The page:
US 6052949 A
A building entryway system with a high degree of modularity to accommodate active inswing doors or inactive sidelight panels for use with conventional jambs. Specifically, an extruded aluminum sill is mated with an extruded polymeric receiving unit. The receiving unit defines a unshaped channel which accepts a weather strip or panel cap. Either the weather strip or panel cap is slidably positioned within the channel under the door. Additionally a door sweep attached to the active doors sealingly engages the weather strip to prevent water from entering the building.
1. A method of creating an entryway system, said method comprising the steps of:
a) providing an elongate threshold assembly having a sill with a vertical leg, the assembly also having a receiving unit, said receiving unit contiguous with said vertical leg, said receiving unit defining a U-shaped channel, the open end of said U-shaped channel facing from said vertical leg and the closed end of said U-shaped channel adjacent said vertical leg, said receiving unit having a rear wall, said rear wall opposite said vertical leg;
b) dividing the threshold assembly into a plurality of sections;
c) trimming a weather strip to the length of one of said sections;
d) selectively positioning the weather strip in said receiving unit of one of said sections;
e) trimming a sidelight panel cap to the length of another section;
f) selectively positioning the sidelight panel cap on said receiving unit in one of said sections;
g) providing a door over said receiving unit in contact with said weather strip; and
h) providing a door sweep, said door sweep having a horizontal member with a lea depending therefrom abutting the rear wall of said receiving unit, and a bulbous member depending from said horizontal member to provide a seal with said receiving unit.
2. The method of claim 1 wherein dividing the threshold assembly into a plurality of sections comprises the step of dividing the threshold assembly into no more than five sections.
3. The method of claim 1 further comprising the step of providing a drain in the threshold assembly.
4. The method of claim 1 further comprising the step of providing a movable door over the weather strip.
5. The method of claim 4 further comprising the step of placing a door sweep with two downwardly depending members on the door.
6. The method of claim 1 further comprising the step of providing a support member under the threshold assembly.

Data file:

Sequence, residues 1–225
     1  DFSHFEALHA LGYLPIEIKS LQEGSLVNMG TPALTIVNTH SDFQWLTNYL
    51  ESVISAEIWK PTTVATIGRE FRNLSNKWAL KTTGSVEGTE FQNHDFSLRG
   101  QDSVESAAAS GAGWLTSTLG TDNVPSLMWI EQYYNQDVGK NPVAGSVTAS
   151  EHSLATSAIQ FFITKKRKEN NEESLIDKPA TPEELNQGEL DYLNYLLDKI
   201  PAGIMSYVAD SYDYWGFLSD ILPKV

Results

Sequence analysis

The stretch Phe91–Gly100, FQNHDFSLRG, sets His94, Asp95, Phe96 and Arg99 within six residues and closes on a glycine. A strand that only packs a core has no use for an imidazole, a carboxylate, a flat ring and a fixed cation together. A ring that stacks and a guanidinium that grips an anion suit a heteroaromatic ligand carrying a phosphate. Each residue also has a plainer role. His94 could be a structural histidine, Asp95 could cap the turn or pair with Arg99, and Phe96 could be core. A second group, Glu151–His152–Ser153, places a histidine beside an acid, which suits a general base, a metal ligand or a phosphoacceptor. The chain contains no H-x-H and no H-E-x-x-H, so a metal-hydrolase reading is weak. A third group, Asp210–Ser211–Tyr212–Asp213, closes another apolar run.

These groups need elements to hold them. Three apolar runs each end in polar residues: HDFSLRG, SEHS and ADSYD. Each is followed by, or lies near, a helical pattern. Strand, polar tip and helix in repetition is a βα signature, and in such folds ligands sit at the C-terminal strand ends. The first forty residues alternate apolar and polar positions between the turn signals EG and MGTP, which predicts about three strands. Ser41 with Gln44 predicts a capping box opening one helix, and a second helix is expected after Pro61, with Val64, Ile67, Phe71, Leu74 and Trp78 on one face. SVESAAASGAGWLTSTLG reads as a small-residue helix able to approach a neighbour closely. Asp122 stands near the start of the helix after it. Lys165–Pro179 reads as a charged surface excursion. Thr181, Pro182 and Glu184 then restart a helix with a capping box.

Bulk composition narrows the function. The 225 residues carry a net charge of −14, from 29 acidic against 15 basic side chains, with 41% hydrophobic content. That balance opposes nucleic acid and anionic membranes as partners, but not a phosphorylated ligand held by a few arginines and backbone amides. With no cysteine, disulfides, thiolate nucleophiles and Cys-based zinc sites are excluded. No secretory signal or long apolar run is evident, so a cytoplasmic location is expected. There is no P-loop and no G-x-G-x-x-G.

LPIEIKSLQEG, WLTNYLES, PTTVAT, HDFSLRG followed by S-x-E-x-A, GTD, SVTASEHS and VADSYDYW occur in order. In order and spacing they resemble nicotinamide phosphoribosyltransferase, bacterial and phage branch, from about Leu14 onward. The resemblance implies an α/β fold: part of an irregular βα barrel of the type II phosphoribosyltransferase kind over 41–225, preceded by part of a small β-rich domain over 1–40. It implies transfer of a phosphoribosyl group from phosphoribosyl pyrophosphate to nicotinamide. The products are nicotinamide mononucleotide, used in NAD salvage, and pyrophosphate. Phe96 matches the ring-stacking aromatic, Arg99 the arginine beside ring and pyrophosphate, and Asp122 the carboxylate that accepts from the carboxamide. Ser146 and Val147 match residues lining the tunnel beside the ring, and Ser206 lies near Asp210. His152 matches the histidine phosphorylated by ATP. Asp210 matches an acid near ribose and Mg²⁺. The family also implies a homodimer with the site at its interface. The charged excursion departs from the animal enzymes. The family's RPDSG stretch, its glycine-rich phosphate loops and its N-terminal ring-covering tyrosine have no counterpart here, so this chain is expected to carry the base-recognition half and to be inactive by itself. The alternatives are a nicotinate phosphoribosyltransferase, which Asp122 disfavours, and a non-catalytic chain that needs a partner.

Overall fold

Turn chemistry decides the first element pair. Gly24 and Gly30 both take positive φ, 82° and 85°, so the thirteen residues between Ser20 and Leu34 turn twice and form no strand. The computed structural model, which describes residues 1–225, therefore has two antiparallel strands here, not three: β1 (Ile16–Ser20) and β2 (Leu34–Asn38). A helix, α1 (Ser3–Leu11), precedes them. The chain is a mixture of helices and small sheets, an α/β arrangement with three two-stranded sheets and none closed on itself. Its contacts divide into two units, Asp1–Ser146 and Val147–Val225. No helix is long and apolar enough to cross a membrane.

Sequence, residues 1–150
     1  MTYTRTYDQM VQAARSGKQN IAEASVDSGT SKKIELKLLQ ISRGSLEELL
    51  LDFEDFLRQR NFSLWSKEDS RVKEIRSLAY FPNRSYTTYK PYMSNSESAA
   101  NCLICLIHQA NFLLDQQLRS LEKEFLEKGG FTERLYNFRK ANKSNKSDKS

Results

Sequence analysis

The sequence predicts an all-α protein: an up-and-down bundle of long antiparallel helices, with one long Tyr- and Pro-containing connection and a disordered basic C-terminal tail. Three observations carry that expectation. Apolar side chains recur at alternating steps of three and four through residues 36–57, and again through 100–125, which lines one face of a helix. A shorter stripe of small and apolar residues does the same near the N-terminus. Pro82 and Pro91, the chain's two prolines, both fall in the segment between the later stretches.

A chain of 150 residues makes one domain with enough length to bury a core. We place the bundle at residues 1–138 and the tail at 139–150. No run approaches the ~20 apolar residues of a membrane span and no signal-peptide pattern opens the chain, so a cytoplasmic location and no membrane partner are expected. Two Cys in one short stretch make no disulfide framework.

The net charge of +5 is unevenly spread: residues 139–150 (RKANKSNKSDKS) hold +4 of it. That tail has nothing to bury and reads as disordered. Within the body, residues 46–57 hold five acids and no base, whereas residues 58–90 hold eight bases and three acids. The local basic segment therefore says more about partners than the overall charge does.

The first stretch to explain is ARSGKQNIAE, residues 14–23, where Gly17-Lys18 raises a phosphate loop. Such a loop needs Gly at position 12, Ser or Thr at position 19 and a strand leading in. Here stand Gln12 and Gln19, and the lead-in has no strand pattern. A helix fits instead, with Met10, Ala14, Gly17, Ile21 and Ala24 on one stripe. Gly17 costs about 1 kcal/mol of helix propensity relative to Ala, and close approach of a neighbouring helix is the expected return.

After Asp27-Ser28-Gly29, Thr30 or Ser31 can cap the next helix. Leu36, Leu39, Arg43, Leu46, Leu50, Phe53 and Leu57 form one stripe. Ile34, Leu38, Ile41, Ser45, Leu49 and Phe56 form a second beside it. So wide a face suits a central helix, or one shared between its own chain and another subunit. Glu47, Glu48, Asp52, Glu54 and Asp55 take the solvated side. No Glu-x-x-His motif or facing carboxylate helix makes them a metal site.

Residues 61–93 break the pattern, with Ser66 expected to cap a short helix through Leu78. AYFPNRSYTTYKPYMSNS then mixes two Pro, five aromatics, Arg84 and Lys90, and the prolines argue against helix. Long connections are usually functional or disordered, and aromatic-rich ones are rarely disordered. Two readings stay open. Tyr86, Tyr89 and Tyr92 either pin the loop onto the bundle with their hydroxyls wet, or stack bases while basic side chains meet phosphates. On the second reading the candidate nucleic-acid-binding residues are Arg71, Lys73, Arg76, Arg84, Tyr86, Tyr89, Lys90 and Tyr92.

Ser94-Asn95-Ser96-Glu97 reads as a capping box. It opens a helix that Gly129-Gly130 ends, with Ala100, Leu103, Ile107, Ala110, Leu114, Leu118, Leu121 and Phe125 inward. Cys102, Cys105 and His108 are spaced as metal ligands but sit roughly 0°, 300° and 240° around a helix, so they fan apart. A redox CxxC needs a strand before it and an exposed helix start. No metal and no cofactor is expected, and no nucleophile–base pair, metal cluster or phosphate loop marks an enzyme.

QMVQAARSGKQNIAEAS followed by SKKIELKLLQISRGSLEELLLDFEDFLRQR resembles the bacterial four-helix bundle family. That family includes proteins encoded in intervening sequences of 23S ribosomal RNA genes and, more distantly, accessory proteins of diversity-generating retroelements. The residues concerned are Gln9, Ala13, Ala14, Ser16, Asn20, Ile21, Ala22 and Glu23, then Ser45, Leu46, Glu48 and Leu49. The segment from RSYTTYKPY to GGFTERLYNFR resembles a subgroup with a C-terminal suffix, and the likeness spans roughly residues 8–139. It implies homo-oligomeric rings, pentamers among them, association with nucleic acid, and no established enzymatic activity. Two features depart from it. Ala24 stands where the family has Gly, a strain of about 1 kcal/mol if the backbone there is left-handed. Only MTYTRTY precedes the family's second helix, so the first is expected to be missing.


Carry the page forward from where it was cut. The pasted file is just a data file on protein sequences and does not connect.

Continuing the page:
7. The method of claim 1 wherein dividing the threshold assembly into sections comprises the step of placing an item from the group of astragals and mullions between the sections.
This is a divisional application of application Ser. No. 09/140,278 filed Aug. 26, 1998, now U.S. Pat. No. 5,943,825.
1. Field of the Invention
This invention pertains to a system for entryways, preferably for use in multi-door and multi-sidelight entryways.
2. Description of The Prior Art And Objectives Of The Invention
An increasing desire for modular entryways for homes and other buildings has been felt in recent years. Modular entryways allow installation contractors to stock fewer parts, but still customize entryways to the desires of the builder. Interchangeable parts allow great versatility in the number of permutations of entryways creatable on the same sill. The use of synthetic materials has also helped expand the number of available options to the installer. In addition, modular entryway units need to repel elements and provide for an efficient thermal break.
While presently available entryway devices are generally suitable for most purposes, there is still a need to improve the weather resistant qualities of a modular entryway system while at the same time providing greater flexibility in creating different configurations or permutations of entryways from a minimum of standard inventory parts.
Additionally states such as North Carolina, Florida and Texas now have building codes which require very high levels of weather penetration performance. I.e., the entryway systems must be able to prevent air and/or water from entering the entryway even in hurricane or other high wind situations.
With the above concerns in mind it is an objective of the present invention to provide an entryway system and method which allows flexibility in the number of configurations possible from a minimum number of parts.
It is a further objective of the present invention to provide a double sealing entryway system for optimum weather proofing.